It isn’t five-star dining, but it’s still palatable
City-dwellers know that some of the best food in the world comes off of food trucks. These mobile kitchens serve up deep-fried delights, grilled goodness, and fresh fare (but mostly deep-fried delights). Kitchen Scramble on Facebook is a time-management game based around an entrepreneuse who aims to dish out a diverse menu from the back of her own food truck. It’s a noble ambition; too bad the core gameplay is basically the same meal we’ve been served over and over.
Your driver and cook in Kitchen Scramble is Pepper Mills, a young woman harboring big dreams about serving healthy food to the masses. Unfortunately, her friend Candace is bent on starting a business that serves up wads of processed fast-food garbage. Pepper doesn’t believe she can strike out on her own. She’s devastated until she gets support from Chef Crisp, who advises her to operate a food truck. Pepper agrees, and begins serving meals on wheels.
Chef Crisp shows you the ropes, and in no time at all, you start rolling through towns with delicious names like Waffleton, Pittsburger, and Molassessippi. There are several levels in each city, and each one is teeming with hungry men and women. Kitchen Scramble plays much like a simplified version of Diner Dash. There’s no seating and no clean-up: your job is to focus on feeding your ravenous customers.
That’s not to suggest that Kitchen Scramble is easy, though it starts off gently. Your first customers only want simple dishes, like baked potatoes (made by putting potatoes into your oven) and fried eggs (made by cracking eggs into a pan and waiting for them to fry up). In time, you unlock more ingredients, more recipes, and more appliances. You’re expected to combine ingredients to make more complex dishes. For instance, preparing an omelette requires you to blend an egg, onion, and tomato, and then pour the batter into a frying pan. Similarly, fixing a hamburger requires you to fry up a patty, and then assemble it with a bun and vegetables. This multi-tasking becomes complex and frenzied quite early in the game, which might turn off some players.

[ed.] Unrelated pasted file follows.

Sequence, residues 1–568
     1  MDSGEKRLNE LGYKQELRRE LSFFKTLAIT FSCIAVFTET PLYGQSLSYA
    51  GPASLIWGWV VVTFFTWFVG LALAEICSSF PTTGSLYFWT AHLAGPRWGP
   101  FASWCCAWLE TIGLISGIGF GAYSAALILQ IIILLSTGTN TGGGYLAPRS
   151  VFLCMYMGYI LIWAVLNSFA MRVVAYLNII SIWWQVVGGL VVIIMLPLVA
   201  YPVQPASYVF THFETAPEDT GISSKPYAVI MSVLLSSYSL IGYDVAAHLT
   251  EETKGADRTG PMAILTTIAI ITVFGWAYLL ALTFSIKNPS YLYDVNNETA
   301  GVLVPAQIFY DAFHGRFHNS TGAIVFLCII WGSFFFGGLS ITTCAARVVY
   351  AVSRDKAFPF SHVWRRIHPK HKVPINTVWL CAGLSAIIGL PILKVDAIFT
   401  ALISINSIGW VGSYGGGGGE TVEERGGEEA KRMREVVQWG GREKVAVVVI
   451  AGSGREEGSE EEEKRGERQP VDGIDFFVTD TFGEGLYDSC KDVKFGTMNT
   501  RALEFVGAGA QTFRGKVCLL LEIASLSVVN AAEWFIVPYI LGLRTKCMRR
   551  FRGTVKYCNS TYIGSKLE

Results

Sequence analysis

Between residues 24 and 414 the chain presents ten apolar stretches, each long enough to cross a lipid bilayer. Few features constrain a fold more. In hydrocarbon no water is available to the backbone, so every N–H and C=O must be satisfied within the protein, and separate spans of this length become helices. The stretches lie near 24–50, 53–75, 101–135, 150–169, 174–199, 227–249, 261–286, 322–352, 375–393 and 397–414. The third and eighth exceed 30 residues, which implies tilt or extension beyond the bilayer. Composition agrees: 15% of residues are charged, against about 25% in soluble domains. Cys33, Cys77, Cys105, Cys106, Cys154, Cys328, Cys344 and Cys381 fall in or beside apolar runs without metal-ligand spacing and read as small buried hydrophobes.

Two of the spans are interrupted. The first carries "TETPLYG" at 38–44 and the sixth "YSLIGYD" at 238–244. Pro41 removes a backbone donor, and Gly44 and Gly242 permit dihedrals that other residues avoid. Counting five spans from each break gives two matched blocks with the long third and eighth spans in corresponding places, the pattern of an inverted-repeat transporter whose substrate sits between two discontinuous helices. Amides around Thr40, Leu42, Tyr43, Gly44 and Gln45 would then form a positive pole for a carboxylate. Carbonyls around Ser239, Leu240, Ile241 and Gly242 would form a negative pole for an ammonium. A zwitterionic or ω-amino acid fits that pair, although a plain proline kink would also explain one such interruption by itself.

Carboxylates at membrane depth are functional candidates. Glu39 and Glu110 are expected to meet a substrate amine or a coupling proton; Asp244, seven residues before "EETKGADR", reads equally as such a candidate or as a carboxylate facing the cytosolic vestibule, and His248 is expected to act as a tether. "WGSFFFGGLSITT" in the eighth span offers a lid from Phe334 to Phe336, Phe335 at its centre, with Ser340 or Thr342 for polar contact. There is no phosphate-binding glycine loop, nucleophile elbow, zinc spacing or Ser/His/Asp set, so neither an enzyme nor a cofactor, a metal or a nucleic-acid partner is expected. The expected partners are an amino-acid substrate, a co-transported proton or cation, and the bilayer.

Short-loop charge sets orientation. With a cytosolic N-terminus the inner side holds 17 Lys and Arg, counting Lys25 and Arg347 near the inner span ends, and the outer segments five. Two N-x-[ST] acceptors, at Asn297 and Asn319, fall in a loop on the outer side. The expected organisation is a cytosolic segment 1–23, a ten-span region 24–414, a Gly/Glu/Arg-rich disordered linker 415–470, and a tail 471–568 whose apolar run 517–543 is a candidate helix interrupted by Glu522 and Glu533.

Your customers’ patience ticks down the longer you make them wait for their food, but if you serve them quickly, you’ll get paid well and will receive a big tip. Whenever a new customer shows up, you have a few seconds of grace while he or she decides on what they want. During this time, you can guess at what you need to prepare based on the physical appearance of your customer—truckers like fried food, the reporter likes salad, the college student likes potato-based dishes—but if you guess wrong, you waste time and food.
Despite its cute food truck theme, Kitchen Scramble‘s frenzied time-management/food preparation mechanics aren’t anything you haven’t experienced before. You’re still in for a mouse-clicking good time if you decide to play (and it’s liberating to not have to bother with seating), but don’t expect to be blown away. Worse, don’t expect to be able to play for long before you’re forced to rest and/or pay up for more energy. Slamming into the ol’ energy paywall just when you’ve found your groove is like biting into a sandwich and finding half a roach.
Playing Kitchen Scramble is like indulging in comfort food. It’s good stuff if you’re in the mood for a familiar taste, but it’s just stomach-turning if you’re not.